Future Disaster Management with SAHANA

"Sahana Disaster Management System is a FOSS solution for managing relief operation information during disasters around the world. We were there with Sahana for Tsunami, we were there with Sahana for the Earth Quake in Pakistan and we were there again with Sahana for the Mud Slide in the Philipines, we are also available for everyone who wants to include Sahana for their Disaster Management Policies for the future anywhere around the world," shares Ravindra D'Silva from the University of Maratuao, Sri Lanka, the development home of Sahana.

Ramindra is a Software Engineering graduate working with the Lanka Software Foundation LSF, developers of Sahana at the University. "I joined FOSS through the Sahana project getting all the encouragement from Sahana developer Mifan Careem. I am employed full time by the LSF that is a nonprofit organization with the mission of promoting FOSS projects in Sri Lanka whereas Sahana Disaster Management System  is one of the globally recognized projects that LSF drives. Along with this, I have been serving at the University as a visiting lecturer with the Department of Computer Science and Engineering and also work with FOSS customization including popular CMS and solutions like Drupal CMS, Dspace and Sugar CRM."

Implementing Sahana, "Sahana was deployed with Sarvodaya, the largest local NGO in Sri Lanka. Sahana has now also entered Phase-3 of its development and is ready for deployment and the objective of this phase is to stabilizing the system and bug fixing without adding any newer features. Our organization is also undertaking extensive research activity and has recently received funding from the NSF-National Science Foundation USA and are also looking forward to the approval of another proposal. Our knowledge contributions to the IEEE have also been accepted including the research paper titled 'Sahana Disaster Management System'. The paper has been accepted by ICIA-IEEE Conference. The Sahana development strategy also involves hiring 10 volunteers and this year we are inducting 17 internees".

"The local response to Sahana in Sri Lanka has been very low where as other countries are continuously looking at options where they can deploy Sahana for Pre-Disaster Management in their countries. For example, Philippines used the Sahana in response to the Mud Slide and now have it as an important component of their National Disaster Management Policy. The measures that these countries keep in mind during adopting Sahana include both pre-deployment before disasters and post-deployment, after the disaster. Now Red Cross and ICRC also use Sahana".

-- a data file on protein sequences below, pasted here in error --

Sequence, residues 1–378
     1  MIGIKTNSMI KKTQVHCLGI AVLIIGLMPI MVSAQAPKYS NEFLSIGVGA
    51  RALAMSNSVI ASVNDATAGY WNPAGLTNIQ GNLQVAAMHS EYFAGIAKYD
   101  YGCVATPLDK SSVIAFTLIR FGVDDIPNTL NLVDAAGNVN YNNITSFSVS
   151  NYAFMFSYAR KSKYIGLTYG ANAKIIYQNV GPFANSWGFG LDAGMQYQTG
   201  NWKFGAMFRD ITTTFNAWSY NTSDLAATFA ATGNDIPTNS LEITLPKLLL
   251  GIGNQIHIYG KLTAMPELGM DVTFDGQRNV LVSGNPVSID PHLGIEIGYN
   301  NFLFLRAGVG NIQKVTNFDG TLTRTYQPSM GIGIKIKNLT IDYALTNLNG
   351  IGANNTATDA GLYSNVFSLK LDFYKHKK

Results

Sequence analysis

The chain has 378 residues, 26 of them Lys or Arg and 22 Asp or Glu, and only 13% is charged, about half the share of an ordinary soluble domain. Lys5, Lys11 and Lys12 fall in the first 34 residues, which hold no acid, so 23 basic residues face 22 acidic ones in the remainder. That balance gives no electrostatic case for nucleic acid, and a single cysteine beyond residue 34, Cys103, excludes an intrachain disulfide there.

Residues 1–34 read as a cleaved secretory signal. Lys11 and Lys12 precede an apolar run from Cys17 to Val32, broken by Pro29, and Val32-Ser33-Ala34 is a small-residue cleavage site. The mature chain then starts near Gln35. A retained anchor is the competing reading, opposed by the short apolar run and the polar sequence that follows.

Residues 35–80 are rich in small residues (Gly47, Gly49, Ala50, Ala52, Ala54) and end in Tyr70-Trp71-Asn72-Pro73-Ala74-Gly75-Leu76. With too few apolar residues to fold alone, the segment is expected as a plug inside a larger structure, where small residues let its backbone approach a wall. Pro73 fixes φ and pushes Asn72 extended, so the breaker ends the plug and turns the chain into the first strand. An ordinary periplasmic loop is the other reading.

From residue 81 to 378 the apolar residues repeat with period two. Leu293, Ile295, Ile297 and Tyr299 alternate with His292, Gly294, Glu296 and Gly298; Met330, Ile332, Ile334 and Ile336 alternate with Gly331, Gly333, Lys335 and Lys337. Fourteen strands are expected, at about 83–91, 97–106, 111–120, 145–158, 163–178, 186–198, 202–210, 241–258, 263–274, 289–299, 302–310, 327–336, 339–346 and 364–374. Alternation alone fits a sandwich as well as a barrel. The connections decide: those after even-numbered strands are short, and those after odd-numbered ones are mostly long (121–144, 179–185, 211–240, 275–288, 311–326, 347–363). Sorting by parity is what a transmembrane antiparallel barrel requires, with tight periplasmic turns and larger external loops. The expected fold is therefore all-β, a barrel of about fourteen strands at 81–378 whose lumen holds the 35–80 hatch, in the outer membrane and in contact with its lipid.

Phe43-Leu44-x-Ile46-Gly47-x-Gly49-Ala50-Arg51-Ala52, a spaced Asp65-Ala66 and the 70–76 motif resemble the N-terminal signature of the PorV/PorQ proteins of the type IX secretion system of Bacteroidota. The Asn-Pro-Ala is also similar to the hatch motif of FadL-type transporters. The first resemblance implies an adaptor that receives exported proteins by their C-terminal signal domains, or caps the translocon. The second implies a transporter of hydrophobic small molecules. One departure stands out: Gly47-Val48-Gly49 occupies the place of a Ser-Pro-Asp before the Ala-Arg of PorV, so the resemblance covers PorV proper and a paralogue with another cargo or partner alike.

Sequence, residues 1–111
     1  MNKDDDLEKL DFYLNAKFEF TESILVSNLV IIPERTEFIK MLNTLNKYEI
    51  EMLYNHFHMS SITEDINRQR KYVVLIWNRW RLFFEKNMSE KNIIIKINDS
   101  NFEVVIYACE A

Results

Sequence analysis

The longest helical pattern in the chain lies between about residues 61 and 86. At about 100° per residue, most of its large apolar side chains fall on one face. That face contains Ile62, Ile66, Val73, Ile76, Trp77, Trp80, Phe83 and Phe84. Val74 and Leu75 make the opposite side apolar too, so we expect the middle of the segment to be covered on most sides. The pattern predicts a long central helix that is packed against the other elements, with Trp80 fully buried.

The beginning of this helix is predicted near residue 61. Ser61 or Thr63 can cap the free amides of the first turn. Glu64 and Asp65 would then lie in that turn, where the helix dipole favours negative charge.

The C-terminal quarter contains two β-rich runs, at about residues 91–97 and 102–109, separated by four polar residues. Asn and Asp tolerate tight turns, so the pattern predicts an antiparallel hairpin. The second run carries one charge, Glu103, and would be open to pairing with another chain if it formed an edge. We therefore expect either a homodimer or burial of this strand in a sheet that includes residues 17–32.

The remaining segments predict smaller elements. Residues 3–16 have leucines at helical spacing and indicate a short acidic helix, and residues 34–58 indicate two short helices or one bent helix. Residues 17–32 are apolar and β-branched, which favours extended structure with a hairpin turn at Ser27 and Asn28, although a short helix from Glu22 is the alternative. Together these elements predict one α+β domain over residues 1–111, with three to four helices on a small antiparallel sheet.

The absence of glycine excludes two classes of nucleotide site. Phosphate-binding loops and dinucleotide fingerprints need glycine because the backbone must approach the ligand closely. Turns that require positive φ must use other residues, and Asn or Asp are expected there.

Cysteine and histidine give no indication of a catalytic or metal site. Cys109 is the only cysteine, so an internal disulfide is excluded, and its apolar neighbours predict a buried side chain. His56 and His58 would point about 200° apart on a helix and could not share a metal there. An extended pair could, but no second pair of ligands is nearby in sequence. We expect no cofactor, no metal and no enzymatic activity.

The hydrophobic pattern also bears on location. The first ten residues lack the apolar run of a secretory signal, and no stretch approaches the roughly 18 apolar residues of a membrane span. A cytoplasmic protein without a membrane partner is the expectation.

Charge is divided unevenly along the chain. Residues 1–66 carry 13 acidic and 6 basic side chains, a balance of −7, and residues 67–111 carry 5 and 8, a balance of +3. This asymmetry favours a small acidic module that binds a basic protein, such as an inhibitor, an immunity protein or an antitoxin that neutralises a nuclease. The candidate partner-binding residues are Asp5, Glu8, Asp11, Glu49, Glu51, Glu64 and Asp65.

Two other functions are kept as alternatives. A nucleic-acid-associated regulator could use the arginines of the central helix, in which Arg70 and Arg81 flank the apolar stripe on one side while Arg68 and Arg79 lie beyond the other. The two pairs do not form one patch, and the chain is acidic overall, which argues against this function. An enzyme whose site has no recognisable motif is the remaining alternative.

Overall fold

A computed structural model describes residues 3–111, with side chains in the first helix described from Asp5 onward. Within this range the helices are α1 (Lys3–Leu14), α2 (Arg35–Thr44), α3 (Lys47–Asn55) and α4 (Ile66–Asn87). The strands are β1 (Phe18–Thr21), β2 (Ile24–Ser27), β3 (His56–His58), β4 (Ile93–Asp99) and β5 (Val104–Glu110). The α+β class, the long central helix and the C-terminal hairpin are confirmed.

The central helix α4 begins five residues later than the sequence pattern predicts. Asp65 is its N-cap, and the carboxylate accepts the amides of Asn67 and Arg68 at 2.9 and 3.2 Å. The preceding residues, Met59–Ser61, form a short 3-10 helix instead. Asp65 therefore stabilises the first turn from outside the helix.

"Within Sri Lanka, we have never actually approached the government and moreover, we are lucky to have no disasters in the country after the Tsunami. During the Tsunami, Sahana was used for two months after the disaster and recorded information on over 10,000 families within the disaster affected regions. Eventually, after that we have been unable to create any contacts within the government to further promote its use with Disaster Management planning however, we are very optimistic that Sahana will continue to be further accepted by the International community."

Detailing on maintenance strategy, "What we do for Sahana is all totally free. We provide it free of charge but do not offer maintenance since the objective is to develop and deploy Sahana providing a stable Disaster Management System. When we transfer all the documentation and tools to the end user, it is expected for them to develop a team, we train them and they maintain the system. We have also added general features like GIS earlier to Sahana and are also focusing its use within general situations that makes it FOSS that is more usable in other areas".

FOSS in Sri Lanka, "The situation of FOSS in Sri Lanka is a bit grim due to the fact that there are very few Linux User Groups and organizations supporting FOSS. It has also been a bit difficult moving people to FOSS due to software piracy in the region. The LSF efforts however a moving the situation into a more positive direction. We have already conducted over 6 events both regional and international. In September 2007 this year we are organizing the Open Office Conference for the first time in the region and in the past have organized Asia's first ApacheCon. Still there are only three to four companies running a complete or partial FOSS or Linux infrastructure in the country but they are not contributing back to the FOSS community and neither do they service the local business and industry. However, we are working towards changing that situation by conducting two workshops per month at the University inviting stakeholders." 

The struggle, "Multinational closed software giants are struggling against the Linux User Group in Sri Lanka. The LUG has over 400 members on its mailing list and there is a significant increase daily in technical discussions on FOSS and Linux in particular. Almost every Sri Lankan University is either aware of FOSS or is practically teaching short programmes on Linux and System Administration but the daily or regular use of Linux itself may only be around 1000-1500 users in the country. For graduate level jobs, students need to learn Microsoft skills to be successful in the current market ecosystem. Two years ago, Microsoft gave free licenses to Universities and carried out many conferences in support of their strategy. Now Microsoft is even trying to restrict Dual Boot Access under their licensing within the Government"

Open Content is really missing in Sri Lanka and there is a great need to introduce such means and methodologies whereby the Sri Lankan academic and development sectors can promote Open Content.

author: Fouad Bajwa